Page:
Industryweek 5449 Activists Security Forces Clash Brazil Auctions Oil Licenses

Activists, Security Forces Clash as Brazil Auctions Oil Licenses

Oct. 21, 2013
More than 1,000 police were drafted to ward off protests outside the Rio hotel hosting the auction as 11 companies -- including two Chinese giants -- bid to bag a slice of a multibillion-dollar cake.

RIO DE JANEIRO -- Amid clashes between union workers and police, Brazil prepared today to auction oil production licenses in its giant Libra offshore field.

More than 1,000 police were drafted to ward off protests outside the Rio hotel hosting the auction as 11 companies -- including two Chinese giants -- bid to bag a slice of a multibillion-dollar cake.

Analysts say the field holds potential reserves of up to 12 billion barrels, or nearly a million barrels a day for five years, according to Brazil's National Petroleum Agency.

To put that into context, Brazil currently has 15.3 billion barrels of proven reserves, the second-largest in South America after Venezuela.

A further spinoff could come in the form of a doubling of Brazilian gas reserves, currently 459.3 billion cubic meters.

The reserves are what are known as pre-salt -- that is, they lie beneath a layer of salt deep below the Atlantic Ocean.

With Libra hosting the equivalent of around three years' worth of ever-rising Chinese consumption, China's state firms are seeking to work alongside Brazilian state giant Petrobras (IW 1000/21).

China National Petroleum Corp. (CNPC), the world's second-biggest oil company by market capitalization, and China National Offshore Oil Corporation (CNOOC) (IW 1000/111) are at the forefront of the battle.

Also in the hunt, which was due to get under way at 1600 GMT, are fellow big-hitters Anglo-Dutch Shell (IW 1000/1), France's Total (IW 1000/9) and Spain's Repsol (IW 1000/49). U.S. giants are sitting the sale out.

Completing the line up were Petronas of Malaysia, Japan's Mitsui & Co. (IW 1000/279), Portugal's Petrogal, Colombia's Ecopetrol and ONGC Videsh of India.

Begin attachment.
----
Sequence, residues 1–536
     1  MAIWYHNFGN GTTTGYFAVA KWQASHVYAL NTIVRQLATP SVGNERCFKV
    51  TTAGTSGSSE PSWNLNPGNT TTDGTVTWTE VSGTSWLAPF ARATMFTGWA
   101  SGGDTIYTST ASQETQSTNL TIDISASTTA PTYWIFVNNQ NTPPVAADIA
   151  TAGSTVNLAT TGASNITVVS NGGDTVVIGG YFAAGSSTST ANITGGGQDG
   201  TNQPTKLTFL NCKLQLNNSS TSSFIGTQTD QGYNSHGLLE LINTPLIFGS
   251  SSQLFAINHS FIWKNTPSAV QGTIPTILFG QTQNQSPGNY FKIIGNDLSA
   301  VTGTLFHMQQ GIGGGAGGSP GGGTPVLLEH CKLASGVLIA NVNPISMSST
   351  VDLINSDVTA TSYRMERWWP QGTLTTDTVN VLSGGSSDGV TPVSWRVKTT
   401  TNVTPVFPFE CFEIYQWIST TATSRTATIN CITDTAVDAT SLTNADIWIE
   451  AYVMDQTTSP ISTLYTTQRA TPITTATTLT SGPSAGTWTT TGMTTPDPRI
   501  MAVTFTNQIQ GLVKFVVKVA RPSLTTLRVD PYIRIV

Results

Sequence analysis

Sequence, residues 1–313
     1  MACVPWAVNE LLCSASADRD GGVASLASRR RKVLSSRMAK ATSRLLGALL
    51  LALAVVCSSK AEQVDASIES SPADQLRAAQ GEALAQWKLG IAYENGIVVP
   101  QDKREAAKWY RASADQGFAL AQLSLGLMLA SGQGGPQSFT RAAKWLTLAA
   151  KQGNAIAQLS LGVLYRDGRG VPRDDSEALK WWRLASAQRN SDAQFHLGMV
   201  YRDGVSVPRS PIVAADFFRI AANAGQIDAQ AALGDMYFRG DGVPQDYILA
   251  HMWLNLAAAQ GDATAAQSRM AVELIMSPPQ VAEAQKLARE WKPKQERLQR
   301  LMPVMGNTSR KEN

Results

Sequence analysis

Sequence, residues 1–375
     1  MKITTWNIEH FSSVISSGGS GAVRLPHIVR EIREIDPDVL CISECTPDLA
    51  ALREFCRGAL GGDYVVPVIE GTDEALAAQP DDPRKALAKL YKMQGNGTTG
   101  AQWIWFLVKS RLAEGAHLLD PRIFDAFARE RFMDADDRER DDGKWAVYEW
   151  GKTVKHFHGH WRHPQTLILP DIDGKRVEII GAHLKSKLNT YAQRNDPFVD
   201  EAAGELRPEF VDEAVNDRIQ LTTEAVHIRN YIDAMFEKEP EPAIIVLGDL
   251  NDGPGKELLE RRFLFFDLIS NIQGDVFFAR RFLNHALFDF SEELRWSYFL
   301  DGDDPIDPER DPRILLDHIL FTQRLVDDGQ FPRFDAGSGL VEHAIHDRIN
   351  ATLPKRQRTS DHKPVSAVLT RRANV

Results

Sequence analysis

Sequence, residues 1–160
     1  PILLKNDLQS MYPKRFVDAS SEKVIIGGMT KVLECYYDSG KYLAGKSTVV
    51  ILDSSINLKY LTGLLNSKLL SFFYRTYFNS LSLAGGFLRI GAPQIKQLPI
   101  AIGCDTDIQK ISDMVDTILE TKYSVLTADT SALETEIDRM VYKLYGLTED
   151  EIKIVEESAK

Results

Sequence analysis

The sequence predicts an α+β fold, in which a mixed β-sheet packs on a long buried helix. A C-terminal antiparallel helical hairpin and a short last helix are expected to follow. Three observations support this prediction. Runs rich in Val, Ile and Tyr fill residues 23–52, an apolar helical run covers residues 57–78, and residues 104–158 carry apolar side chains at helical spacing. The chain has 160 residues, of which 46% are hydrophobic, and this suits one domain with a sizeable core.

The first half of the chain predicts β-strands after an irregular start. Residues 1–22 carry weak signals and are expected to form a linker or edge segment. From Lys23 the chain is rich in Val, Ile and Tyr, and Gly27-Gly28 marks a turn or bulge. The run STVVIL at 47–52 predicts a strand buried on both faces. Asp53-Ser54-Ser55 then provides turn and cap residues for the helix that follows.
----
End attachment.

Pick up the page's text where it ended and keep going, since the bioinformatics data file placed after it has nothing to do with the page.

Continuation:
Salty Grave

Buried under layers of salt, the deposits cover 58,000 square miles. Libra lies 112 miles off the coast.

Currently, Brazil produces 2 million barrels a day but hopes to boost output to 4.3 million a day by 2020, thanks in large part to the pre-salt reserves.

But U.S. majors have stayed away for fear that myriad state strings attached will hit potential returns from the field, which covers 597 square miles).

That equates to around 10% of Brazil's overall pre-salt deposits.

A further concern is the creation of a new state company, PPSA, to oversee offshore exploration, while Petrobras has sole operator status.

The state behemoth is guaranteed a 30% stake under a 2010 law.

The winner of the auction will be the company or consortium that offers the Brazilian state the most oil -- at least 41.6%-- and hence the best return.

The 2010 law, passed by former president Luiz Inacio Lula da Silva, provides for oil revenues being poured into education and health.

But unions fear the auction constitutes a sell-off of national assets, and last week Petrobras workers went on strike in protest.

Former Director Chimes In

Adding his voice to the protests last week was former Petrobras director Ildo Sauer, who said he believed it was "not in the country's interests" to bring in foreign firms.

Even so, analysts estimate the deal could boost employment and raise Brazilian GDP by $1.7 trillion over 30 years.

Energy Minister Edison Lobao says he will grant the winning consortium "the largest oil exploitation zone in the world."

Experts see the auction for an operation set to bring in an estimated $180 billion of investment over three decades as a test case for pre-salt reserves.

"Markets expect Asian companies will be the stars of these auctions as the U.S. majors are not at the table and will merely sit back," Carlos Assis, head of Ernst & Young's Americas oil and gas unit, said last week.

As the clock wound down, Brazil's Federation of Oil Workers called for protests to counter "risks to sovereignty and the losses the Brazilian nation will suffer if multinational oil firms expropriate Libra."

Some 200 protesters attempted to force their way through a police cordon but were met with tear gas and rubber bullets after gathering mid-morning outside the auction venue.

Lobao strongly rejects the labor union's thesis.

"We are not privatizing pre-salt oil," Lobao said Saturday. "On the contrary, we are harnessing these immense riches lying undersea and in the ground."

Copyright Agence France-Presse, 2013

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